October is the month of Breast Cancer Awareness, which means you will see pink, “think pink” slogans, and all sorts of merchandise and fundraisers aimed at educating the public about breast cancer and raising money for research and prevention.
Breast cancer is a topic very close to my heart- throughout my young life, my mother was diagnosed with, treated for, and cured from breast cancer three separate times. She was tested for the genetic mutation (BRCA 1 and 2) and, gratefully, did not have them. Other of my relatives have battled breast cancer, as well, and I, myself, am considered high risk (though I have not yet been tested for the genetic mutations).
Breast Cancer, and cancer in general, is one of those things that affects so many people, that you’ve probably met or heard of someone right in your own parish who has suffered and battled it, and the best things we can do for those people and families in the throes of battle is to be a support system for them: bring them meals, babysit kids, bring them items that make chemotherapy a little more tolerable (lots of small businesses, especially those in multi-level marketing companies put together “chemo comfort bags”), and bring communion to them.
However, it is still good to give to campaigns and organizations that look for ways to not only treat cancer, but work to find a cure and, even more so, seek to prevent it completely. The thing about a lot of these pink campaigns is that not all of them were created equal; some give more money to research and prevention than others, so here is a list of organizations that give a vast majority of their donations to research, prevention, and education.
This is a non-profit aimed at researching natural cancer treatments for people in all stages of cancer. They offer a “cancer tutor” which has hundreds of articles about different types of cancer and types of cancer treatments, and works with patients and practitioners to deliver the most cutting-edge research on treatments in the world.
A non-profit that “provides information, education, advocacy, and awareness for people with cancer and their family and friends who are interested in complementary or alternative medicine (CAM) and natural therapies from a patient’s perspective.” This organization was founded by Ann Fonfa, who has battled breast cancer, when she began answering other people’s questions about alternative cancer treatments and now is trying to get alternative therapies into mainstream practices as quickly as possible.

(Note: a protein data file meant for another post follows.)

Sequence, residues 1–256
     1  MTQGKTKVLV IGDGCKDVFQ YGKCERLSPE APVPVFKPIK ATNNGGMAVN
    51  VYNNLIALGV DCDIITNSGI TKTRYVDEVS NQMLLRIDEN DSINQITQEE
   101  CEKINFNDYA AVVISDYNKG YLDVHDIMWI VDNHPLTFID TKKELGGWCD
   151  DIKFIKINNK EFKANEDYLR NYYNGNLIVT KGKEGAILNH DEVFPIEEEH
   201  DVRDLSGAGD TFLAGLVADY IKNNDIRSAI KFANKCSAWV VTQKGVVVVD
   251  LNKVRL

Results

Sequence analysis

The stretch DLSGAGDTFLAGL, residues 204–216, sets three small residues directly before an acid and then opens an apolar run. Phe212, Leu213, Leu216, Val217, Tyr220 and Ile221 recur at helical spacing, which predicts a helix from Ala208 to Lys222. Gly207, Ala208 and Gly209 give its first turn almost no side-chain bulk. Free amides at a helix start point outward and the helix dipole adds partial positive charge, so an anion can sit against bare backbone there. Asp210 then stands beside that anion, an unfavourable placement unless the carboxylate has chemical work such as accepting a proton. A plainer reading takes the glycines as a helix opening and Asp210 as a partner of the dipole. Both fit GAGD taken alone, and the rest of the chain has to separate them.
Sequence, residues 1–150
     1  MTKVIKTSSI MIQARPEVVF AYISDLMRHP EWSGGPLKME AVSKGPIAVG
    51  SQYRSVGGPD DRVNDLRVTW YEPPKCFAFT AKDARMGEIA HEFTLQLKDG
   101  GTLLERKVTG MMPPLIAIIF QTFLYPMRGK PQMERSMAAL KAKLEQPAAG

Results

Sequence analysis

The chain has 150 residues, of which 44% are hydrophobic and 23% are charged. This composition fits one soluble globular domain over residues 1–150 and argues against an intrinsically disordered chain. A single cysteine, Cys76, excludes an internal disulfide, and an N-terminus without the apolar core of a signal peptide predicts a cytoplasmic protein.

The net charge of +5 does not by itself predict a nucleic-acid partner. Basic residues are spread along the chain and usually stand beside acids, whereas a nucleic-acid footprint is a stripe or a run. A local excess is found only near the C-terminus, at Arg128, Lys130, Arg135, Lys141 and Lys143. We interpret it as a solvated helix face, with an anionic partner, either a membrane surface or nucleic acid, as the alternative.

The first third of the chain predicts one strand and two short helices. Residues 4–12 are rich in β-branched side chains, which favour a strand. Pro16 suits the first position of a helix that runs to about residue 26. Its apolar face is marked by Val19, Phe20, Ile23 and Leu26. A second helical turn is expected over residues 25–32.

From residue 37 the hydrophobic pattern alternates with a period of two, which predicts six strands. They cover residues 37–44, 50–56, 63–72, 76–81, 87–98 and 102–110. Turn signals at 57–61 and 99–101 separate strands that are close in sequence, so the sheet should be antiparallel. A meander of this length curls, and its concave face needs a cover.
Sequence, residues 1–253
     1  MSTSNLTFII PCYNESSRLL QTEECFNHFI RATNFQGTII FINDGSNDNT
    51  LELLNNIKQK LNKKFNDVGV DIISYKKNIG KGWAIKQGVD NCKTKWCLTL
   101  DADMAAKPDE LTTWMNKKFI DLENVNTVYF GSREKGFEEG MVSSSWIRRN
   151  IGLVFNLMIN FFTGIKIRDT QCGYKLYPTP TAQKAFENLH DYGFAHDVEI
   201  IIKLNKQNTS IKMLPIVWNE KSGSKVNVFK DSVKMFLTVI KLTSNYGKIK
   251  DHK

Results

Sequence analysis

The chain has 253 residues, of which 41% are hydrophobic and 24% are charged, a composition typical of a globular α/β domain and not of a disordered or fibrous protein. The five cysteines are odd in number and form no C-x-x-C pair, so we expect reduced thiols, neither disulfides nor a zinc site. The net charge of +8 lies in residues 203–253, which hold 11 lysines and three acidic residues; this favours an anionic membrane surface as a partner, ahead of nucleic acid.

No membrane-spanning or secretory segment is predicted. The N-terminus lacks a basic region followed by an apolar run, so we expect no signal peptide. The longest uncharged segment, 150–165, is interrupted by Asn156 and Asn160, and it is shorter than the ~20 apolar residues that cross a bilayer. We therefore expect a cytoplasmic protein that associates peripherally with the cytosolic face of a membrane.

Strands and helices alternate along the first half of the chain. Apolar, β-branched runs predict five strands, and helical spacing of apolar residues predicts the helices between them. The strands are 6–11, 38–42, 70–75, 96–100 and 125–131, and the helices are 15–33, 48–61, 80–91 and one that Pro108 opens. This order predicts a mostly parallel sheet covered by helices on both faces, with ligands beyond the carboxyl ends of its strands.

From their website: “Since 1985, the Prevent Cancer Foundation, a 501(c)3 nonprofit, has invested nearly $142 million in support of cancer prevention research, education, advocacy and outreach programs nationwide and have played a pivotal role in developing a body of knowledge that is the basis for important prevention and early detection strategies. The Foundation is the only U.S. nonprofit organization solely devoted to cancer prevention and early detection. We have funded nearly 450 scientists at over 150 leading medical institutions across the country. Our public education programs have applied this scientific knowledge to inform the public about ways they can reduce their cancer risks.” They focus on reducing the cancer mortality rate from all angles, addressing all cancers across all populations, and making prevention and early detection services accessible to all people.
This organization aims to eliminate environmental causes of breast cancer to stop it before it even starts. From their website: “…[W]hen 1 in 8 women will be diagnosed with the disease, how much more awareness do we need? The Breast Cancer Fund is working to shift the conversation from awareness to prevention. We’re working to stop this disease before it starts…” They are very open about how the money they receive in donations is spent and, in 2014, 79% of all monies received went directly into their prevention and elimination program.
This institution covers a lot of different areas, but breast cancer research is one of its core initiatives. It differs from other research institutions because it supports only pro-life medical research, it donates 65-70% of all received donations to research, is committed to avoid paying executives unnecessarily high salaries, uses a non-profit biotechnology model, and integrates clinical care, medical research, and drug development (read more about these differences and initiatives here).
So this October, don’t just think pink, but think about how your money is being spent and how it will most effectively serve the population affected by breast cancer and other cancers, and give to an organization that will ethically and effectively use your donation to these ends. St. John Paul II, pray for us! St. Peregrine, pray for us!